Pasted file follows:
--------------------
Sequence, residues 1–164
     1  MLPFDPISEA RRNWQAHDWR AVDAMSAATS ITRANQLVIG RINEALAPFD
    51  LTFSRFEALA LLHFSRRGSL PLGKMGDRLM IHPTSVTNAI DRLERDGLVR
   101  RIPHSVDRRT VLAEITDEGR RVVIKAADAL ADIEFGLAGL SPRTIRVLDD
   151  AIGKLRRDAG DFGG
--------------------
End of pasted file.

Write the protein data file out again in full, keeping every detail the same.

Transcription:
Sequence, residues 1–164
     1  MLPFDPISEA RRNWQAHDWR AVDAMSAATS ITRANQLVIG RINEALAPFD
    51  LTFSRFEALA LLHFSRRGSL PLGKMGDRLM IHPTSVTNAI DRLERDGLVR
   101  RIPHSVDRRT VLAEITDEGR RVVIKAADAL ADIEFGLAGL SPRTIRVLDD
   151  AIGKLRRDAG DFGG